Sales tax would go up one cent on the dollar if a budget compromise passes through Philadelphia City Council.
The good news: Your property taxes are staying put.
The bad news: You have to fork over eight-percent in tax on purchases made in the city.
Philadelphia Mayor Michael Nutter wanted property tax increases, but met a compromise with City Council to instead temporarily hike the sales tax. Some council members were upset with the burden that increased property taxes would put on city homeowners.
"We are pleased to report to the citizens of Philadelphia that we have reached an agreement on a joint budget proposal that embraces our collective values and minimizes pain to the residents of our city," said Nutter's office.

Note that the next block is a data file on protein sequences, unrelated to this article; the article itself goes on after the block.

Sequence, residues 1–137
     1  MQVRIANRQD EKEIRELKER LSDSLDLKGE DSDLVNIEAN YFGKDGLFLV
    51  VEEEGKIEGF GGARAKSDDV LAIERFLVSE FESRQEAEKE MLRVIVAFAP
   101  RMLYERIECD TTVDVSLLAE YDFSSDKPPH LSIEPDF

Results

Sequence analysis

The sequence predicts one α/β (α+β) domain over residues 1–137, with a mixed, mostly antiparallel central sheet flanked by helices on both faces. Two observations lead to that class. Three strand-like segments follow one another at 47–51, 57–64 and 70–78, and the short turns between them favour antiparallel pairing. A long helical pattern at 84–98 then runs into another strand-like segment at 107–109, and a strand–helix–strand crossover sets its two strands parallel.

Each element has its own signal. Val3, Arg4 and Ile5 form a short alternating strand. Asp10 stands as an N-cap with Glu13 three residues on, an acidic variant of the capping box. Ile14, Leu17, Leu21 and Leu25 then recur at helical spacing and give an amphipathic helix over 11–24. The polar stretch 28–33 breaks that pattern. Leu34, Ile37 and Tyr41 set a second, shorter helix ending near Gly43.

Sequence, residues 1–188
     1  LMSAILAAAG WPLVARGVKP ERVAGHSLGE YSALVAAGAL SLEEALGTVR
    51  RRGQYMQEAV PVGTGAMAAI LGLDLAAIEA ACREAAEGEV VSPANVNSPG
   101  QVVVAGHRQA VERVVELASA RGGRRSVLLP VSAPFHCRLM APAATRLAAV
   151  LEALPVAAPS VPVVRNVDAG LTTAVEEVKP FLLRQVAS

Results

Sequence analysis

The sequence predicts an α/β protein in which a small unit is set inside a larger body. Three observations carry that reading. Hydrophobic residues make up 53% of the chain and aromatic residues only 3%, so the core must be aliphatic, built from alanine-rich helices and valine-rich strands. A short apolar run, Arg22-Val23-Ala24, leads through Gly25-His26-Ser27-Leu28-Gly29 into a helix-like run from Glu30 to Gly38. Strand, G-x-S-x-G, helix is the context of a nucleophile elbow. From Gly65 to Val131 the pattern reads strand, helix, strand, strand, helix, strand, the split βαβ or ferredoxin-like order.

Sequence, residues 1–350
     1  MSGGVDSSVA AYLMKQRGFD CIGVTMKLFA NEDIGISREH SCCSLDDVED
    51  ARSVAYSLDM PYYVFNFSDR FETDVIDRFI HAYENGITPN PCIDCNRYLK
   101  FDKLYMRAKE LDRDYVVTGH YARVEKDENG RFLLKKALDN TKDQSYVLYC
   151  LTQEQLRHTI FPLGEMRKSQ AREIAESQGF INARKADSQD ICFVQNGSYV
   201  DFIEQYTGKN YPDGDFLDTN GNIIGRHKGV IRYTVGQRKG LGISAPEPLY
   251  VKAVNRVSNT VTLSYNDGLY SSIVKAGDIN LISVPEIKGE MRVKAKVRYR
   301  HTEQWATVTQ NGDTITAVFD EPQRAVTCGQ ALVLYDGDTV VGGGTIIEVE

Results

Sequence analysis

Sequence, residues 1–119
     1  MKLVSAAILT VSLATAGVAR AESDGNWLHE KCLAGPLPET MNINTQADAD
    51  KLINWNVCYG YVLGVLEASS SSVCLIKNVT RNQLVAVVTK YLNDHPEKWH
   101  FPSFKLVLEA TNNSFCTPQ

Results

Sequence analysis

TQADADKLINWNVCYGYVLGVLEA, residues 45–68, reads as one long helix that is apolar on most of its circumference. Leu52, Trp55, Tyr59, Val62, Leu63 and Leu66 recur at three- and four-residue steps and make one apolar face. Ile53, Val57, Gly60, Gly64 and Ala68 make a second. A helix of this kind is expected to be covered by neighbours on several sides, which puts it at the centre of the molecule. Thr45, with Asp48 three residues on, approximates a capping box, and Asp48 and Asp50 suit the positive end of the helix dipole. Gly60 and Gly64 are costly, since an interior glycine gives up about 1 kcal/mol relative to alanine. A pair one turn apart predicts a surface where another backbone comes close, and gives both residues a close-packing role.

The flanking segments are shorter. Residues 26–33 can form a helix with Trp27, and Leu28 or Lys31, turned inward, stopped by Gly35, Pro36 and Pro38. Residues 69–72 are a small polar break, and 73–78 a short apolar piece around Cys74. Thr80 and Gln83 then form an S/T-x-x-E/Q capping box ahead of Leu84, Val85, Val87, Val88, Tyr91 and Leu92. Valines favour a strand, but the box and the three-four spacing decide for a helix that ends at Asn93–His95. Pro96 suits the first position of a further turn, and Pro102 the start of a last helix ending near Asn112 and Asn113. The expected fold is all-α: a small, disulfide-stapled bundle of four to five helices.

The mayor had to do something to generate more cash for a city that faces a $1.4 billion five-year financial hole, according to Philly.com.
The sales tax increase would take place over five years, according to mayor's office.
The agreement is merely a step on the way to an increased sales tax. Council must still pass the budget proposal and then state lawmakers would have to approve raising the sales tax from seven to eight percent.
The sales tax compromise eases the tax burden on some homeowners and instead dips into the pocketbook of every person who buys something in the city, including visitors. Sales tax hikes are generally seen by economists as regressive rather than progressive because they are harder on lower-income households.
It must be asked how Philly businesses can stay competitive with an eight-percent sales tax against suburban merchants who only need to tack on six percent. A trip out of the city could save some big bucks for someone making a big purchase if the sales tax hike is passed.
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